By Daniella Espinoza and Ramneet Singh
WOODLAND, CA – A jury here in Yolo County Superior Court this week found a man guilty of three drunk driving related misdemeanors, including driving under the influence, refusal to test, drunk driving, and driving on a suspended license stemming from an arrest more than eight years ago.
Yolo County Sheriff’s Deputy Reiko Matsumura testified how he stopped the accused in the early hours of Aug. 25, 2014, because the accused—whom The Vanguard isn’t naming because it’s a misdemeanor case—was driving under the posted speed limit. Matsumura later determined the man was under the influence.
During another part of questioning, Deputy Public Defender Sarah MacDonald turned to the matter of identification of the accused and possible language barriers at the time.
Through a series of questions, it was revealed that, at first, “when [Matsumara] initially contacted (the accused), you asked for identification according to the video?” to which Matsumara confirmed.
During these conversations it was confirmed that Matsumara did in fact “ask questions in English” despite the fact that the accused was “Spanish speaking.” In her words, this did not seem to be an obstacle as she did “not believe” that this caused him to “have trouble with most of the questions.”
Further on, MacDonald posed the hypothetical that despite his possibly not understanding the conversations, “it is fair to say that if he had trouble understanding some questions, he would have had trouble understanding other questions” as well.
Matsumura did note that, according to her memory, during the incident of arrest, the accused not only complied with the stop, but also did not resist when she opened the door and asked him to exit the vehicle.
CHP Officer (first name not available) Garcia said when translating questions into Spanish during such situations, “if the message is too long” a direct translation is not needed but if it is shorter, he tries to give it.
In final arguments, Deputy District Attorney Laura Columbel stated the aspects of Count 1 and 2 are the same, that the accused was driving. She noted the accused’s admission and cam footage.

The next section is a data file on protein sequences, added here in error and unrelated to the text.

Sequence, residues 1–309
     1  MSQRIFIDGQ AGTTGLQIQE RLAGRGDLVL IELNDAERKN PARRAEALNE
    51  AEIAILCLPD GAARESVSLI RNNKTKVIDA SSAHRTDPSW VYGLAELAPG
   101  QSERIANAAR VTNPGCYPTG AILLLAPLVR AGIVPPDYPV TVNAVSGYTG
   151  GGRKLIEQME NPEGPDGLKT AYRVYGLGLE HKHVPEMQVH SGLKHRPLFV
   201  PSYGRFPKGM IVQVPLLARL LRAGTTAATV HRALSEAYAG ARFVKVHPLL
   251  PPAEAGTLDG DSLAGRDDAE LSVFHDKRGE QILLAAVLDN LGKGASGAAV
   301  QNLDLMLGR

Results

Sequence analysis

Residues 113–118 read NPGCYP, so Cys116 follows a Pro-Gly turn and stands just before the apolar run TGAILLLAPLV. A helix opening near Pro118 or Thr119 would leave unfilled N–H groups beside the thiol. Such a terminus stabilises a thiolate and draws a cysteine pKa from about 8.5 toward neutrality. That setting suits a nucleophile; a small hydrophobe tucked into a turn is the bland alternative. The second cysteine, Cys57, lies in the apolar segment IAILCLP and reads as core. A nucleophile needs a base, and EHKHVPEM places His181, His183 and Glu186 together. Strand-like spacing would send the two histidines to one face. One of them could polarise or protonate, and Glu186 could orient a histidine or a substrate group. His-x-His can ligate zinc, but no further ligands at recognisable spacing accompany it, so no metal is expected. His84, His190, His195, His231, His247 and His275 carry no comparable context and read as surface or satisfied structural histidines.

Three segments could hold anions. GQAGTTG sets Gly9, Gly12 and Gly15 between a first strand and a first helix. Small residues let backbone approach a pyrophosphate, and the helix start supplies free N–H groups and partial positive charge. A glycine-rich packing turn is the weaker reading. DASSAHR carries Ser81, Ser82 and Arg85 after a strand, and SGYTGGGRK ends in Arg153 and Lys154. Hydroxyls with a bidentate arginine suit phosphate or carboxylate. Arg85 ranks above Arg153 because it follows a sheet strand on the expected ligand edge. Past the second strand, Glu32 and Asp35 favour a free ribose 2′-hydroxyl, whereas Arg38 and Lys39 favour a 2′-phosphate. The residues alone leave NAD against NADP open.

Columbel moved to the second aspect of Count 1, noting the accused was under the influence. She emphasized the “totality of the circumstances.”
Columbel stated “he did poorly on every single one,” referencing the field sobriety tests. She dispelled the possibility of a language barrier as they were “translated in English and in Spanish. They were also demonstrated.”
Columbel noted with the first aspect of Count 3, officer testimony affirmed that the license was suspended. After pointing out the accused’s admission, she stated that knowledge of driving on a suspended license could also be related to a DMV notice.
In the defense argument, DPD MacDonald insisted “there’s a huge issue of proof,” and argued “there was no bad driving, no accident, nothing.” She referenced officer testimony that the car was going “slow.”
MacDonald highlighted “how scary it must have been for (the accused) to be pulled over…with an officer who’s armed, who doesn’t speak his language.”
DPD MacDonald noted the language barrier and how, from Matsumara’s testimony, the accused’s responses were not “adding up.” She referenced that he responded no to having an ID card, which he did have.
MacDonald stated one officer said “he knows exactly how (the tests) were translated, but he doesn’t speak Spanish,” referencing another officer who had to translate.
MacDonald stated that there was a lack of specific audio/visual evidence. She understood that they couldn’t properly verify certain device results “because ultimately this is a tool used to convict people.”
Looking at the last count, MacDonald stated, “there is no evidence (the accused) knew that his driving privileges were suspended.”
MacDonald asked the jury to “see this case for the sinking ship it is.”
Columbel responded that “everything she is saying is not reasonable” and noted that various factors had to have been working against the accused.
Columbel noted the usefulness of reports and confirmed that one officer knew how to conduct the tests in Spanish and another officer, “who is fluent,” believed that it was accurate.
She mentioned that the accused understood some English based on his conversation with Matsumara.
Columbel highlighted that the accused specifically referenced drinking a Budweiser. She noted the printout that specified the BAC and that it was above the 0.08 and 0.15 thresholds.